Smoking Linked to Cancer of the Blood in Women; RESEARCH STRENGTHENS LINK TO HODGKIN'S LYMPHOMA

Article excerpt

Byline: JULIA MCWATT

WOMEN who smoke could be increasing their risk of developing cancers of the blood, immune system and bone marrow according to new research.

Although the consequences of smoking on people's health have been well documented, this new study, published in the British Journal of Cancer, increases the strength of evidence that smoking could be linked to conditions such as Hodgkin's lymphoma.

The research, which looked at 1.3 million middle-aged women from a previous study funded by Cancer Research UK and the Medical Research Council, showed that the risks of Hodgkin's lymphoma and some bone marrow cancers were doubled in women who smoked around 20 cigarettes a day.

The risks of other types of blood cancer were also increased among smokers, but to a lesser extent.

The results shed new light on the link with lymphoma, leukaemia and cancers of the bone marrow.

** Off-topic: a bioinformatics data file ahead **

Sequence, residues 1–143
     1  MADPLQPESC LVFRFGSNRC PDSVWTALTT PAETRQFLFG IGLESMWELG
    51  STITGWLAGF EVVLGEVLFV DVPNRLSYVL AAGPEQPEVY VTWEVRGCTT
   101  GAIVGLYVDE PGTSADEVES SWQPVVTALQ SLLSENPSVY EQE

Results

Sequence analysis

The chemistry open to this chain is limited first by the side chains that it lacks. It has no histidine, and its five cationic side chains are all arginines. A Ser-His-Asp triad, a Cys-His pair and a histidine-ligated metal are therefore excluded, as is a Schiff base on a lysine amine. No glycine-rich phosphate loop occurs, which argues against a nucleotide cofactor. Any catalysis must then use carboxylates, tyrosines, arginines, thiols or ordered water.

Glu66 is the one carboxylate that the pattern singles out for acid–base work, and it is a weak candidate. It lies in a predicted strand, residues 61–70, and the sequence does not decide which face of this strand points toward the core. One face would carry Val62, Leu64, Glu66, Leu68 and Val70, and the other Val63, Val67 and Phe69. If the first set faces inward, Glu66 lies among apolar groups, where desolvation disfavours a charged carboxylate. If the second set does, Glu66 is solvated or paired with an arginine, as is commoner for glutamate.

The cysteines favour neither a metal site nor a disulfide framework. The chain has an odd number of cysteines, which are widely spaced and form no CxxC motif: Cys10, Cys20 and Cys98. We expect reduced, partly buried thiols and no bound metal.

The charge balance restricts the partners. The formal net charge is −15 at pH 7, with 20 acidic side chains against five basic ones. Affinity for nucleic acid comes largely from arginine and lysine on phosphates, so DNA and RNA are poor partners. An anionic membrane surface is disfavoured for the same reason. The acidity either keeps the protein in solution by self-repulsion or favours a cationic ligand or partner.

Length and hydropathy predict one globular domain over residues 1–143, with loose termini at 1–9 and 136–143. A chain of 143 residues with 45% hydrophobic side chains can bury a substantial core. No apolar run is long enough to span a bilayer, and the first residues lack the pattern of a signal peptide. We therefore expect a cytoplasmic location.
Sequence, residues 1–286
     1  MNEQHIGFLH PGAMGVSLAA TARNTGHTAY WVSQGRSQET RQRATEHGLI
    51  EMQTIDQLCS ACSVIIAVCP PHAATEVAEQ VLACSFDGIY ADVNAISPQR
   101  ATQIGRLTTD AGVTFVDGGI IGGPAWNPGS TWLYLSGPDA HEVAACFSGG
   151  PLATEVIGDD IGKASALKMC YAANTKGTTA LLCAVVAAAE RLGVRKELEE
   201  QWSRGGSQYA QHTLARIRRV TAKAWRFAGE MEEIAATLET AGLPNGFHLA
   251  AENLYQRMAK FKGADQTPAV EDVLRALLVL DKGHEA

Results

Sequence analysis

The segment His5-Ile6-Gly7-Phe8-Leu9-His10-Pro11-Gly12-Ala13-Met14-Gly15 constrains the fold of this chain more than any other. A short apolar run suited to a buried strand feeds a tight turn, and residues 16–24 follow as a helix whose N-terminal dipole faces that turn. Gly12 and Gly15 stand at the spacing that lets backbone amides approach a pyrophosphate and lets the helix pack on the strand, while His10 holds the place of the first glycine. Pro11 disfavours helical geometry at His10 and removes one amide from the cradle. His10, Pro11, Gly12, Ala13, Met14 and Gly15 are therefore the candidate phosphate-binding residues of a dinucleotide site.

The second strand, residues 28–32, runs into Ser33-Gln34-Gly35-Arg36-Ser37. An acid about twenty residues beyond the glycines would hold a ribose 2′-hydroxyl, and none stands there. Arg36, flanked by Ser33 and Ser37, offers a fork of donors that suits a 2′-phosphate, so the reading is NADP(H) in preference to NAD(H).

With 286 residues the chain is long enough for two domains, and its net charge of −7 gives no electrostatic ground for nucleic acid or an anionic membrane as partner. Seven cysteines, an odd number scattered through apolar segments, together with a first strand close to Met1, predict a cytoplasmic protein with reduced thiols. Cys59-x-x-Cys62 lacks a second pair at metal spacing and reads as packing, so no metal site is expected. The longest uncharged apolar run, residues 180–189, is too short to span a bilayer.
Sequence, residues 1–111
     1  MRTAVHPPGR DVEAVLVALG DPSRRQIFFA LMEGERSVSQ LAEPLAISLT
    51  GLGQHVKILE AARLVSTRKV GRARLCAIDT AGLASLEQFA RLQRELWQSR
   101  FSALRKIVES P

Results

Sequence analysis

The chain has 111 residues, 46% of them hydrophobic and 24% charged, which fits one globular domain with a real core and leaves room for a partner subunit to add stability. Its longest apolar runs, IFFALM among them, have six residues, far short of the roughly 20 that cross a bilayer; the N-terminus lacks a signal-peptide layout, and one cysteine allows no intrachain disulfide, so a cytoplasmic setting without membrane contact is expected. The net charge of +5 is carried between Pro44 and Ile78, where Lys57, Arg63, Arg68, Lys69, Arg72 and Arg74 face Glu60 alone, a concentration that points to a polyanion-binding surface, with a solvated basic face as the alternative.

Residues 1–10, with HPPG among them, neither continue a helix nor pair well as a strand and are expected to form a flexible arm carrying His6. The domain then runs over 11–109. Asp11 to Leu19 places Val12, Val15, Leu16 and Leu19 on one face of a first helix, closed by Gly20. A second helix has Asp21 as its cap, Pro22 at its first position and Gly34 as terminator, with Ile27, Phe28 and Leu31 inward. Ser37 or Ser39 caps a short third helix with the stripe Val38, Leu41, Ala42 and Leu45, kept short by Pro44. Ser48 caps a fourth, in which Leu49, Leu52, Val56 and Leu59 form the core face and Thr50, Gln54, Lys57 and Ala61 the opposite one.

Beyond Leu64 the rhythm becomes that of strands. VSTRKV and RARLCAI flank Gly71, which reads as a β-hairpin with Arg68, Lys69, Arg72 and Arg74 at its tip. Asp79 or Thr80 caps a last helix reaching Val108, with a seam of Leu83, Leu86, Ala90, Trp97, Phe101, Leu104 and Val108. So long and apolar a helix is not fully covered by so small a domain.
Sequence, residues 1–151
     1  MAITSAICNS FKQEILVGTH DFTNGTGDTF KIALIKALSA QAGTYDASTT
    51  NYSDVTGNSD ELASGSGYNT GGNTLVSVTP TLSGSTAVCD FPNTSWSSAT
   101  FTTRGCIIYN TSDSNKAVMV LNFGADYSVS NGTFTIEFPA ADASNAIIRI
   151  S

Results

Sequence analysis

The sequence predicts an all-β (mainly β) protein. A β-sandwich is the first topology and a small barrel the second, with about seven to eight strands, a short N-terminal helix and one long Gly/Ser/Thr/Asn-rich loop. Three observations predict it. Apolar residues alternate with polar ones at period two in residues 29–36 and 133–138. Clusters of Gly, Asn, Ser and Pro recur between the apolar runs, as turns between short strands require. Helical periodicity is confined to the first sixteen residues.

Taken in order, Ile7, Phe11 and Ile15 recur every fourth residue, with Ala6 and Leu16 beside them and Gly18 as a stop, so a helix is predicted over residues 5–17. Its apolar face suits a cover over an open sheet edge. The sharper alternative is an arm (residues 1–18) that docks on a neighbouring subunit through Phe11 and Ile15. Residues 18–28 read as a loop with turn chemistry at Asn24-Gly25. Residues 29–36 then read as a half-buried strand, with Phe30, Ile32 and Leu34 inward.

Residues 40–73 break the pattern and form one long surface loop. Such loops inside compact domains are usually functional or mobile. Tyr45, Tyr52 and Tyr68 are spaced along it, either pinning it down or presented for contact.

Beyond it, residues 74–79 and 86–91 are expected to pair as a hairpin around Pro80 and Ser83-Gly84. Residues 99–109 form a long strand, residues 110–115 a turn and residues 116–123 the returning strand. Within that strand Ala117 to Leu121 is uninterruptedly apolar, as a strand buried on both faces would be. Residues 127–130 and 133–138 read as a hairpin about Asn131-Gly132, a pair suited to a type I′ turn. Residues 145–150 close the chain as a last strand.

Over a 10-year period, 9,000 women in the study developed leukaemia, a cancer of the immune system or of the bone marrow.

In the same period, six in every 1,000 women who never smoked developed one of these cancers, whereas the number was almost eight in every 1,000 for smokers.

Professor Valerie Beral, one of the study authors, said: "These results highlight yet again how important smoking is as a cause of cancer.

"Smoking raises the risk of many types of cancer, not just lung cancer, and also the risk of heart attack and stroke, which many people may not be aware of."

A recent survey by Cancer Research UK of the UK public revealed that many people are not aware that tobacco is linked to cancers of the liver, pancreas, bowel, kidney, cervix, and bladder.

In Wales, an estimated 27,690 hospital admissions are caused each year by smoking, with the majority of these for circulatory and respiratory conditions and malignant cancers.

Sara Hiom, director of information at Cancer Research UK, said: "Smoking is by far the most important preventable risk factor for cancer in the UK - it's responsible for nearly a fifth of all new cancer cases and causes more than a quarter of all deaths from cancer in the UK. …